For example, the Bible talks about how Sodom and Gomorrah were destroyed. However, Jesus said that the people of Sodom and Gomorrah will have a better time of it at the judgment (this obviously refers to the white throne judgment of Rev. 20:11-13) than the Israelites He was preaching to would. (This exposes another unsolvable question for hell-mongers: if the punishment for all unbelieving sinners is exactly the same, eternal hell-fire, then why does the Bible say that they will be judged according to their deeds, and that some people will have an easier judgment than others?)
The Bible also plainly states three times (Rom 10:14 & Phil 2:10-11 which quote Is. 45:23-24) that eventually “every knee will bow and every tongue will confess Jesus is Lord” (or as Is. 45:23, puts it, “every tongue will swear allegiance to” or “swear by” God). So these people of Sodom and Gomorrah, who lived in cities that were destroyed and who could be said to have themselves been “destroyed”, will eventually swear allegiance to God and Christ! Is Jesus then going to turn around and throw them in hell forever or kill them permanently, right after they swear allegiance to Him at the white throne judgment? What would be the point of that? It’s just another question the hell-mongers and annihilationists can’t answer…
Again, artificially superimposing an idea (permanence or eternity) on top of the word “destruction” that is not actually found or stated in the text itself, will lead to confusion, to many artificial self-contradictions in Scripture (e.g. Is. 45:23, Php. 2:10-11, Rom. 10:14, 1 Cor. 15:22-28, 1 Tim. 4:10, Eph. 1:10, Col. 1:16-20, Rom. 11:32, Rom. 3:23-24, Rom. 5:18, etc. etc. etc. vs. “supposedly permanent destruction”) and to a monster God that no one in their right mind would even want to serve.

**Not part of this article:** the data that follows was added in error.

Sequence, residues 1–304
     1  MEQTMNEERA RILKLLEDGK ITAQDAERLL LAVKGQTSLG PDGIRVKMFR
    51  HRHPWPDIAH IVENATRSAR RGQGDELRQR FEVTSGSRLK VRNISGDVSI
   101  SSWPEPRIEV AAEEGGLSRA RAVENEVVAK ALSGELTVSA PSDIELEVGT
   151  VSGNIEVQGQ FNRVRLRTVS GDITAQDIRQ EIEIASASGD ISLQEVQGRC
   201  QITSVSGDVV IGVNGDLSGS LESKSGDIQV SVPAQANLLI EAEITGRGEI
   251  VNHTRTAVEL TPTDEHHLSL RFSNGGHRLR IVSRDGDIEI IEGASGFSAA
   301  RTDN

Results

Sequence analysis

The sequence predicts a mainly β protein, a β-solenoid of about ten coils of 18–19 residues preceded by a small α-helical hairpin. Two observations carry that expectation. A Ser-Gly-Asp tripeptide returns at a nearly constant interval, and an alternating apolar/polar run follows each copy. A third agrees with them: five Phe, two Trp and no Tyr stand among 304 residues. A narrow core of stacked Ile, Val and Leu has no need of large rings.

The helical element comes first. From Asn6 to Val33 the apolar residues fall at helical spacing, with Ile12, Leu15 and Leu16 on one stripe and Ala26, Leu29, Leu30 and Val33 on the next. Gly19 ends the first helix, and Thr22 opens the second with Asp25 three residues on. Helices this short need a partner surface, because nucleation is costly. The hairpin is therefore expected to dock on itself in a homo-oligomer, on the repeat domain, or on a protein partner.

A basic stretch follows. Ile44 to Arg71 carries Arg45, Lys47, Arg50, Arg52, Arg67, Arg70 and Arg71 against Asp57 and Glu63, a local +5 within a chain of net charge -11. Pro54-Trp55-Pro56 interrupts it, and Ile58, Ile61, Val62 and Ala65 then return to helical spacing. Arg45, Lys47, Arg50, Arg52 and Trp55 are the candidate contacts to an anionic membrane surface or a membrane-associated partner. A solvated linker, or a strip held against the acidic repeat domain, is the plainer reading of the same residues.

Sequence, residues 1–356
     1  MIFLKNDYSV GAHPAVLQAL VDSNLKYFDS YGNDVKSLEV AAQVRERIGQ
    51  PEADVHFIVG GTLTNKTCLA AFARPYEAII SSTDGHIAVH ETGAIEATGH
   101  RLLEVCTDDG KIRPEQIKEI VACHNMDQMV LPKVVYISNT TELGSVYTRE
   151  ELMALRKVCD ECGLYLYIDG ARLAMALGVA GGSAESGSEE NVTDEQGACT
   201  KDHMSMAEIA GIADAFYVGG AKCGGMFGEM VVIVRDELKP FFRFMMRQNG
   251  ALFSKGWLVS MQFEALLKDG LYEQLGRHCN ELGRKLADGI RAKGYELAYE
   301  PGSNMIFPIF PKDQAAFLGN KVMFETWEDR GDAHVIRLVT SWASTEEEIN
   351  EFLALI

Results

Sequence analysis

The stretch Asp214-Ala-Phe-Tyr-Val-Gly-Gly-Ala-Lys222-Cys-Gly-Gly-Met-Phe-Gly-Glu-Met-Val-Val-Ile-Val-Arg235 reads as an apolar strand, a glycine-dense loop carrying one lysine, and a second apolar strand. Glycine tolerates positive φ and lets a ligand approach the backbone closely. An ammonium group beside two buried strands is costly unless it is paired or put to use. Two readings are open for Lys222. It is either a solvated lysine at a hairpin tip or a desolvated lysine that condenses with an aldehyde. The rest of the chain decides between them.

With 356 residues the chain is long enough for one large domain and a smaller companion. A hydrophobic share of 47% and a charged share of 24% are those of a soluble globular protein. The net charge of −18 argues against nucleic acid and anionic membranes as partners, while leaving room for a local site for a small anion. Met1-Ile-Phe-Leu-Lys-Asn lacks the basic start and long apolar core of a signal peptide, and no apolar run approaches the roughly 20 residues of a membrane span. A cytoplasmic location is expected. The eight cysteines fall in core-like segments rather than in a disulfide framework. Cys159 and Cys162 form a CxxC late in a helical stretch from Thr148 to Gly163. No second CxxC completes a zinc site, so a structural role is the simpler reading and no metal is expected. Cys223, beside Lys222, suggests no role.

Conclusion – A Key Rule For Interpreting Scripture (and Any Other Communication)
Friends, if you don’t learn to keep yourself from artificially inserting concepts and ideas on top of Scripture that are not actually contained and plainly stated in Scripture, you are never going to understand Scripture. If you don’t learn to stop doing to God and to the human communicators who were inspired to write down Scripture, things that you would never do to any other communicator (such as artificially inserting your own ideas/concepts on top of their communication any time something they say is not totally clear on its own, instead of looking to the rest of their communication for clarification on the details)… you will be confused about the Bible’s teachings until Jesus comes.
When we refuse to artificially insert the pagan/Catholic-inherited ideas of hell and eternal punishment and “eternal this, eternal that” on top of Scripture passages like Romans 9 and Scriptural statements about “destruction”, and instead let the rest of accurately translated Scripture interpret itself and fill in the details for us…
we will be set free from cognitive dissonance on the subjects of hell and predestination.
I have spent this article explaining to you a very important common sense rule of communication (rule for interpreting all communication, including the Bible). That rule could be stated as:
“Any unclear or not-fully-explained piece of communication such as a word, phrase, statement, or passage, must be interpreted, and the rest of the details discovered, by looking at the rest of the communicator’s communication; we are not allowed to fill in the blanks with our own imaginations, our own prejudices, our own preconceived ideas, or any other source.”
When we follow common sense based rules for interpreting communication, such as the one I have spent this article explaining to you,
we will be set free from cognitive dissonance in our understanding of God and His Word.
I hope this has been helpful to you.
Copyright 2012 John Lilley